Authors: Amon JJ, Darling N, Fiore AE, Bell BP, Barker LE
Publication Year: 2006
Last Updated: 2016-02-22 13:59:00
Keywords: hepatitis A; vaccination; children; National Immunization Survey; urban areas
The objective of this study was to examine hepatitis A vaccination coverage rates among children living in states with different vaccination recommendations and to examine individual characteristics associated with vaccination.
OBJECTIVES: In 1999, the Advisory Committee on Immunization Practices made recommendations for hepatitis A vaccination of children according to historic rates of hepatitis A incidence in different regions of the country. The objective of this study was to examine hepatitis A vaccination coverage rates among children living in states with different vaccination recommendations and to examine individual characteristics associated with vaccination.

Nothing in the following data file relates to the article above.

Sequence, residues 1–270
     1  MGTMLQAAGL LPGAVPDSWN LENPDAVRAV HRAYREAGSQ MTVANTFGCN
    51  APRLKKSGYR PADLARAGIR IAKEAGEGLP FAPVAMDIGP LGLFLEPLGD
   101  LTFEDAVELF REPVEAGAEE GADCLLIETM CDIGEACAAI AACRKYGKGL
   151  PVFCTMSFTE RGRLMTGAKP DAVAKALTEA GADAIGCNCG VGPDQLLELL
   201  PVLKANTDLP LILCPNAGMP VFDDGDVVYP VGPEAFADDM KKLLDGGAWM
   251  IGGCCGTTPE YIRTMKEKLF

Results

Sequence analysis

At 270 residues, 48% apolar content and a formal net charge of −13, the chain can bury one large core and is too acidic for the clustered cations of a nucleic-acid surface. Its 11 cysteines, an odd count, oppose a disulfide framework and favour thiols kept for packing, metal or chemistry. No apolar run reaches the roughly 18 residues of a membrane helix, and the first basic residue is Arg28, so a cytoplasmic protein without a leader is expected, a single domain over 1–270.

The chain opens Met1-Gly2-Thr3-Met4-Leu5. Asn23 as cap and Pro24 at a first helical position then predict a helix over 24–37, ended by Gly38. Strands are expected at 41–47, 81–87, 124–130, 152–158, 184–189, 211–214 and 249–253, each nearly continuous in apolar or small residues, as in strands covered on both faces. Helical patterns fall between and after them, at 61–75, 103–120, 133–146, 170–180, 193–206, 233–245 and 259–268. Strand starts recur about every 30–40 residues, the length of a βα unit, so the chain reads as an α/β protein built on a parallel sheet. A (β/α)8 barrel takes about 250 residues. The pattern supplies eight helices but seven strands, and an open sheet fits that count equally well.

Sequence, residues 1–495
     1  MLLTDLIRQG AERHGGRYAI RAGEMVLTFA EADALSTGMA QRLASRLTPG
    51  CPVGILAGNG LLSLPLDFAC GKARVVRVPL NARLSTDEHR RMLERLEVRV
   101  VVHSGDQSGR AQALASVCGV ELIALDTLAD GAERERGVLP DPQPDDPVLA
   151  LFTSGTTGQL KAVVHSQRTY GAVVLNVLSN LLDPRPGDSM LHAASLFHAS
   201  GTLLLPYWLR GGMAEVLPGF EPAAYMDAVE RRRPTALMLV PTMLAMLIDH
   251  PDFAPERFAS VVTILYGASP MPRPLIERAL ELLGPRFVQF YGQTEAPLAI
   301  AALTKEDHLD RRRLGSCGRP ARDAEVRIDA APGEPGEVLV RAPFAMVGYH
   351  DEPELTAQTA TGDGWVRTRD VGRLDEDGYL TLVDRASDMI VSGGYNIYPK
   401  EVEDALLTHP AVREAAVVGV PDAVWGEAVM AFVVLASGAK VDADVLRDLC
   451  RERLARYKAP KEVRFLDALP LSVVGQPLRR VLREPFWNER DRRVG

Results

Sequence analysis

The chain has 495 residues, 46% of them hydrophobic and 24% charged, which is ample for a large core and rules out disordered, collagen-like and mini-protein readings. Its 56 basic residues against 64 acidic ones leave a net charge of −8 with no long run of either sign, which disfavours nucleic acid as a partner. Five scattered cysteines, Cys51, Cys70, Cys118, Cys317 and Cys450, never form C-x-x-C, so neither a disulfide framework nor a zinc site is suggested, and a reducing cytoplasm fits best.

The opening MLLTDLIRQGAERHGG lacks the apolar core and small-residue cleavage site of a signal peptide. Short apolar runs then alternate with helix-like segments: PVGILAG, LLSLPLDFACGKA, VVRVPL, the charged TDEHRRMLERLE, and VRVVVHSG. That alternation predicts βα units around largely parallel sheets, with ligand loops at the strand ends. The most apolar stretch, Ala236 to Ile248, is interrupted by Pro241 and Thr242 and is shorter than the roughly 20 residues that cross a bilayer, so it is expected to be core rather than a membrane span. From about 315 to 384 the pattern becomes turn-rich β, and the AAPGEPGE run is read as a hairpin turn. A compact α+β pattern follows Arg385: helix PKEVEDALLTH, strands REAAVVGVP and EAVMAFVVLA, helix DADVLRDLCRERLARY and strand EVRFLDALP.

METHODS: Hepatitis A vaccination status data were collected for children 24 to 35 months of age through the National Immunization Survey, a telephone survey with health care provider-verified vaccination results. Vaccination status data were collected from children in each of the 50 states and 28 selected urban areas.
RESULTS: In 2003, 50.9% (95% confidence interval [CI]: 47.6-54.2%) of children living in 11 states where routine hepatitis A vaccination is recommended had received > or =1 dose, compared with 25.0% (95% CI: 21.8-28.2%) of children in 6 states where vaccination is suggested and 1.4% (95% CI: 1.0-1.8%) of children in 33 states without a recommendation. Coverage was higher among children who lived in urban areas, were Hispanic or American Indian/Alaska Native, or were born to women with less education.
CONCLUSIONS: Hepatitis A vaccination is being targeted successfully to children at higher risk of infection; however, overall vaccination coverage remains lower for hepatitis A vaccination, compared with other routine childhood vaccinations.
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